Friday, August 20, 2004

Booklist 2004 - Part 5

28. So Long, and Thanks for All the Fish
by Douglas Adams

It was early May when I read this, the fourth of the five "Hitchhiker" novels and don't remember a lot about it. I do remember Arthur Dent ending up back on Earth, which he thought was destroyed. While back on earth, Dent meets the love of his life, discovers that there are no more dolphins and I vaguely recall that Earth is actually a replica of the original Earth (destroyed in favor of the construction of an intergalactic highway). Though as I write this, the actual book is just out of reach and I am far too lazy to get my ass off the couch to scan it for more accurate information to pass on to you, my faithful reader.

Though not a masterpiece, this book does have is share of Adams sarcastic, humorous brilliance and is just a necessary read to those who've made it through the other Hitchhiker adventures.

29. Napalm & Silly Putty
by George Carlin

This is another round of Carlin being Carlin. Short rants, one liners, and a host of strong opinions with an awful lot of laughs. If you enjoyed Carlin's previous book, "Brain Droppings", reviewed in an earlier post, I suspect you'll enjoy this as well. I happen to really like these words that appear in one of the reviews:

Carlin takes no prisoners. I highly recommend these 260 pages of fierce, bleeding-edge social satire and humor. Proof positive that there is true freedom of expression (thank God!) in this country. In any other country they probably would have locked him up a long time ago!

30. 3rd Degree
by James Patterson

This book is the third (and most recent) in the "Women's Murder Club"series co-authored with Andrew Gross. "From the start, the series (1st to Die; 2nd Chance) has felt like high-concept TV with a smart edge, featuring an appealing and reliable cast of four female crime busters (a cop, a prosecutor, a medical examiner, a reporter) who race along byzantine plot lines humming with blood and sex, romance and heartbreak. But Patterson is an author who will detonate readers' presumptions for the sake of story, and in the series' third installment, the prolific author, working with frequent collaborator Gross (The Jester, etc.), defies expectations in a shocking way. Readers will love him for it."(Publishers Weekly)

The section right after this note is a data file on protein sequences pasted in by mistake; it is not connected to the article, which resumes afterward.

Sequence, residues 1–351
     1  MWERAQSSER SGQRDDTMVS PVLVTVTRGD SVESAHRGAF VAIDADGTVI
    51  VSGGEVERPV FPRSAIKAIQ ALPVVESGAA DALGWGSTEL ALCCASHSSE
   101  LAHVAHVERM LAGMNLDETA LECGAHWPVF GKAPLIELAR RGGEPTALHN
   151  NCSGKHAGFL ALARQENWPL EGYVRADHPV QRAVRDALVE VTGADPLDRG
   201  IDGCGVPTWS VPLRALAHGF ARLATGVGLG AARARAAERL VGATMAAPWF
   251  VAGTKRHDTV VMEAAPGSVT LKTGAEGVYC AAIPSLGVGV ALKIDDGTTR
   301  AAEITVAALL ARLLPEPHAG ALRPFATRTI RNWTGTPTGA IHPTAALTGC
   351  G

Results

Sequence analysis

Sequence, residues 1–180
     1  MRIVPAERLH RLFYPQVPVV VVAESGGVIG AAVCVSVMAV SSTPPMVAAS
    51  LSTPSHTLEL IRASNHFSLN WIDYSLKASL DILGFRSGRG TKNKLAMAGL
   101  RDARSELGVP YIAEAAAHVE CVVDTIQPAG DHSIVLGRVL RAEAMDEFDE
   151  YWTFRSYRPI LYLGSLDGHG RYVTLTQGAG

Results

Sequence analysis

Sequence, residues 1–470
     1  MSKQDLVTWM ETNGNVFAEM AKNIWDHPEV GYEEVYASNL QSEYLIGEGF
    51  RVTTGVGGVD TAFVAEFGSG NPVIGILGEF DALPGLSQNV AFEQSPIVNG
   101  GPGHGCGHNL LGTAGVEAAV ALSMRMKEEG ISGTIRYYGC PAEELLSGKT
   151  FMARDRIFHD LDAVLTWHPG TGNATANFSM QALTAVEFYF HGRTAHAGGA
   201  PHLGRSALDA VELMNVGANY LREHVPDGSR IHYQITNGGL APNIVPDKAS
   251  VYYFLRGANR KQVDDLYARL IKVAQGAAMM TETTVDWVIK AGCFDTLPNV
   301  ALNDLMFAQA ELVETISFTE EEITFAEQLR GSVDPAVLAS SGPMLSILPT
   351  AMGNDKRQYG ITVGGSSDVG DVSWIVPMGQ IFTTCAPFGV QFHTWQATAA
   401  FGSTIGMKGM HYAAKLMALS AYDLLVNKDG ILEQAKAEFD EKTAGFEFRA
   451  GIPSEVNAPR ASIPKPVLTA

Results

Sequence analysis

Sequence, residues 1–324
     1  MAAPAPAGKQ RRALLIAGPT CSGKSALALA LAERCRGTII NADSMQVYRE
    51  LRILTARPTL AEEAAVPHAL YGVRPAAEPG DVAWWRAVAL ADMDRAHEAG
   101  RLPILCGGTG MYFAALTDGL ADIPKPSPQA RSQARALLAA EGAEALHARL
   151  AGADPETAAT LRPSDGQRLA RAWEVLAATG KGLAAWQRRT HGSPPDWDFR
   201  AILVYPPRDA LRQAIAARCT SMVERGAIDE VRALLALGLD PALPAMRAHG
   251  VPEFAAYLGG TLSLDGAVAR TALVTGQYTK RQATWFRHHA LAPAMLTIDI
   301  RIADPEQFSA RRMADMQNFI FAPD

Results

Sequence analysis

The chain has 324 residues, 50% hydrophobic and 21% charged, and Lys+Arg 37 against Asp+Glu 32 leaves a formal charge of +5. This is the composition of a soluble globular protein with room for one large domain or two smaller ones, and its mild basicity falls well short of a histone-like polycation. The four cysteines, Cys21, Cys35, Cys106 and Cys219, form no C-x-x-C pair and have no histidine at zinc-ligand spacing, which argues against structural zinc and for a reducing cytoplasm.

I fell in love with the four main characters back in 1st to Die (especially Lindsay Boxer, the cop, whose character is so real sometimes you feel like you could touch her). The entire series thus far, including this wonderful book, has the same formulaic pace that makes reading Patterson so much fun. I really love this book as Patterson test's the emotional connection of the reader to his characters by killing off one of them (even Patterson exposed this as part of the press for the book, so I'm not revealing any secrets).

31. Four Blind Mice
by James Patterson

The eighth of the "Alex Cross" novels (for those who've been following along with the posts may be wondering what happened to the sixth and seventh books "Roses are Red" and "Violets are Blue" were terrific as all of the books in this series have been - I had read them a couple of years ago when they were first published) features a series of murders of army wives that appear to have been committed by a good friend of John Sampson (Cross' best friend). However, Sampson is convinced that his friend is being framed and asks Cross to intervene.

The truth that cross discovers actually had me quaking because of the potential reality. Something of an exploration of the old saying that "absolute power corrupts absolutely;" A great, yet somewhat frightening read.

32. Lies, and the Lying Liars Who Tell Them: A Fair and Balanced Look at the Right
by Al Franken

A hysterical look as the frightening truth of the George Bush administration and the insanity of the right wing media. I enjoyed reading this book as much as it made me feel like someone was scraping at my brain with a plastic fork.

Along with the diatribe there are several enjoyable antics where "Team Franken", basically a group of Harvard interns, push the envelope of comedic expose revealing ugly truths through side-splitting laughter.

33. Icebound
by Dean Koontz

Koontz has been incredibly prolific over his thirty plus year career but this one falls short of a worthy read. I really hate to say it but I hated this book. In fact, I have nothing more to say about it other than if you have any interest, you can follow the link to read the reviews there.

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